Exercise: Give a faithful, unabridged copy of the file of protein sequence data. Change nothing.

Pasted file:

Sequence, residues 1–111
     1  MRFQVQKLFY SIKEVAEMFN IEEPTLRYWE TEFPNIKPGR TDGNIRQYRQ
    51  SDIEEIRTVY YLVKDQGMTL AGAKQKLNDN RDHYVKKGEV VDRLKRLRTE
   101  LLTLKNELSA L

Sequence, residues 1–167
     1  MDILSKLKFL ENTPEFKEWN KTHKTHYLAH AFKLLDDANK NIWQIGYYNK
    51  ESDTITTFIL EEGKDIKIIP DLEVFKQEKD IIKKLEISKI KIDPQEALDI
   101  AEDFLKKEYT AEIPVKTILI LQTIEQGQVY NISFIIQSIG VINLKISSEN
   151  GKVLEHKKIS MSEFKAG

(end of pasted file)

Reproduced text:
Sequence, residues 1–111
     1  MRFQVQKLFY SIKEVAEMFN IEEPTLRYWE TEFPNIKPGR TDGNIRQYRQ
    51  SDIEEIRTVY YLVKDQGMTL AGAKQKLNDN RDHYVKKGEV VDRLKRLRTE
   101  LLTLKNELSA L

Sequence, residues 1–167
     1  MDILSKLKFL ENTPEFKEWN KTHKTHYLAH AFKLLDDANK NIWQIGYYNK
    51  ESDTITTFIL EEGKDIKIIP DLEVFKQEKD IIKKLEISKI KIDPQEALDI
   101  AEDFLKKEYT AEIPVKTILI LQTIEQGQVY NISFIIQSIG VINLKISSEN
   151  GKVLEHKKIS MSEFKAG